|Reference : Asteroseismology in action: a test of spin-orbit synchronism in the close binary system ...|
|Scientific journals : Article|
|Physical, chemical, mathematical & earth Sciences : Space science, astronomy & astrophysics|
|Asteroseismology in action: a test of spin-orbit synchronism in the close binary system Feige 48|
|Van Grootel, Valérie [Université de Toulouse/Université de Montréal (UdeM) > > > > >]|
|Charpinet, Stéphane [ > > ]|
|Fontaine, Gilles [ > > ]|
|Brassard, Pierre [ > > ]|
|Astronomy and Astrophysics|
|Yes (verified by ORBi)|
|[en] stars: binaries: close ; stars: oscillations ; stars: rotation ; stars: subdwarfs ; stars: individual: Feige 48|
|[en] Aims. In this paper, we provide a test of spin-orbit synchronism in the close binary system Feige 48. This system is made of a rapidly pulsating subdwarf B (sdB) star with an unseen companion, most likely a white dwarf. The presence of nonradial oscillations offers the opportunity to infer the inner profile and period of rotation of the primary star through asteroseismology. This constitutes the key element for testing spin-orbit synchronism in depth, since stellar internal layers are inaccessible to traditional techniques.
Methods. We carried out a new asteroseismic analysis of Feige 48 following the so-called “forward modeling” approach. This is done with our latest optimization algorithms, which have been updated to incorporate the effect of stellar rotation on pulsations, assuming various internal rotation laws. In this analysis, the simultaneous match of all the frequencies observed in Feige 48 leads objectively to the full identification of the pulsation modes through the determination of the indices k, l, m. It also leads to determining the structural and rotational parameters of Feige 48.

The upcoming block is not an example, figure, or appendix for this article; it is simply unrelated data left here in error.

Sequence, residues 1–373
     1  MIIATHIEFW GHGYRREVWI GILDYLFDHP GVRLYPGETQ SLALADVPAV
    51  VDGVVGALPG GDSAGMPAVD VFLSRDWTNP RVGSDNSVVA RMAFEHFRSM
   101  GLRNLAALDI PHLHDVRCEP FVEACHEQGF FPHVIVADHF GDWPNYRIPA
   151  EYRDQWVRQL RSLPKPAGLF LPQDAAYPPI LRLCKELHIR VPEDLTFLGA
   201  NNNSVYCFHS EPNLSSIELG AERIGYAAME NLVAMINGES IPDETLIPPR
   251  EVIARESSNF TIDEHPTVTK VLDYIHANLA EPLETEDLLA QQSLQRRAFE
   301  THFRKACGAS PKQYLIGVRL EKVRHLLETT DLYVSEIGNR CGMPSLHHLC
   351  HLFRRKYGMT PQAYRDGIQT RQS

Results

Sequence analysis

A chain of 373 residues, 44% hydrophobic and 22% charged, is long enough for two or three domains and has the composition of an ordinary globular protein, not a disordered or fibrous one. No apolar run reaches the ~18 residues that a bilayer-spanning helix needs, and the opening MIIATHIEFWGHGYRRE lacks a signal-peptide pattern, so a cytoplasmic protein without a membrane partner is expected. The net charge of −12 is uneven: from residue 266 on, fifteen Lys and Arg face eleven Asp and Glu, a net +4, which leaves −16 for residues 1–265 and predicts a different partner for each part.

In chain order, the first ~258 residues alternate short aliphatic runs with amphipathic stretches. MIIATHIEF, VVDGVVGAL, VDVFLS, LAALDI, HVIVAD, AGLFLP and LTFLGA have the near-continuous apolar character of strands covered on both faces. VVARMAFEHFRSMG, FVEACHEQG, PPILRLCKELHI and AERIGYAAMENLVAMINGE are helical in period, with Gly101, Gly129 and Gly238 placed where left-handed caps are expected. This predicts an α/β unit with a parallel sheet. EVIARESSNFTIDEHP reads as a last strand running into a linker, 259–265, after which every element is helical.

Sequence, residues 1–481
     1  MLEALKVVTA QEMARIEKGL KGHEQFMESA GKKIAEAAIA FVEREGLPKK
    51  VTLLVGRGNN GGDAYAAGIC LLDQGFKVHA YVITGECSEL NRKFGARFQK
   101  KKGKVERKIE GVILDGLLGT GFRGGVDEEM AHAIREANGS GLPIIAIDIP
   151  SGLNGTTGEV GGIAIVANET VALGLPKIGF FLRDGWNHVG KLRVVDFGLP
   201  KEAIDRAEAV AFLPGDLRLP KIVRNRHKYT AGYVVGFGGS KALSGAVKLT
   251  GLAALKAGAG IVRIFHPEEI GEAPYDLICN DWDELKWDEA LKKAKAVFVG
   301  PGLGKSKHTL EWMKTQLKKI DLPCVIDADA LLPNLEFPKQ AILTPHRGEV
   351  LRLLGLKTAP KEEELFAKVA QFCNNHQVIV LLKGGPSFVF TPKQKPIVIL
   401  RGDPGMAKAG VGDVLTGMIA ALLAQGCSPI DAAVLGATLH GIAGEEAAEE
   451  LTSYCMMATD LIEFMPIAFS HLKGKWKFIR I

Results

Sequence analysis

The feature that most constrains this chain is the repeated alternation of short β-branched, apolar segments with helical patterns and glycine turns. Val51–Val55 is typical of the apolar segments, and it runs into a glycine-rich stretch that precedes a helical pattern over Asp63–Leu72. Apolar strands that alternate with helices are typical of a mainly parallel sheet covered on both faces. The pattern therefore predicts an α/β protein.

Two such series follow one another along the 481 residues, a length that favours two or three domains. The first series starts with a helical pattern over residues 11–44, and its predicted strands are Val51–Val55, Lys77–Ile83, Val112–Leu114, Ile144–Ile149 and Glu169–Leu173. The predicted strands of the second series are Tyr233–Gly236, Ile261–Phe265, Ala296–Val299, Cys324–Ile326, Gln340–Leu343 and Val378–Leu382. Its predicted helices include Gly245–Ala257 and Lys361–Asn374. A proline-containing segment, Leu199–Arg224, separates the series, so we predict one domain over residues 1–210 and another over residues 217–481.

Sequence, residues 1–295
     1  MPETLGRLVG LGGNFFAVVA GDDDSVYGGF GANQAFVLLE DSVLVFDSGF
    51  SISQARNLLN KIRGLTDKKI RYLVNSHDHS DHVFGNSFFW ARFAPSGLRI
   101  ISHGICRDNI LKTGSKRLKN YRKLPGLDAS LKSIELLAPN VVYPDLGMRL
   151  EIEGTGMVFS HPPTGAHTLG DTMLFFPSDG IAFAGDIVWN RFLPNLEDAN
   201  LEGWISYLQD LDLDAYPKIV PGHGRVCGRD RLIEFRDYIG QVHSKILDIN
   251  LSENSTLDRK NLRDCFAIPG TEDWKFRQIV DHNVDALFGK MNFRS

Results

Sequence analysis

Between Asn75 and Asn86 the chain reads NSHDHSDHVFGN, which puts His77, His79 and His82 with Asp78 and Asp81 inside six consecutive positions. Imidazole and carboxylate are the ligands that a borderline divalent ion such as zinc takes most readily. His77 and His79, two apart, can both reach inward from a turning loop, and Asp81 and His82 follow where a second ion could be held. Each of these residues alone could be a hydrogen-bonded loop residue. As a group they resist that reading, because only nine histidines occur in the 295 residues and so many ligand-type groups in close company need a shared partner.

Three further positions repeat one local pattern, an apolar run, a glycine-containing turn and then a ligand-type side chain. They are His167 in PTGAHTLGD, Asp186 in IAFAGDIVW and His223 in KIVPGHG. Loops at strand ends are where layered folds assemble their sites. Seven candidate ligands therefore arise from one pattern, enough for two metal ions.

Results. Our optimal model, obtained with a solid-body rotation law, is characterized by a spin period of 9.028 ± 0.480 h. This value is remarkably similar to the system’s orbital period of 9.024 ± 0.072 h, measured independently from radial velocity variations. We further demonstrate that the hypothesis of differential rotation of the core – including a fast rotating core – must be eliminated for Feige 48.
Conclusions. These results strongly imply that Feige 48 rotates as a solid body in a tidally locked system. This constitutes the first explicit demonstration of spin-orbit synchronism in a binary star by asteroseismic means.
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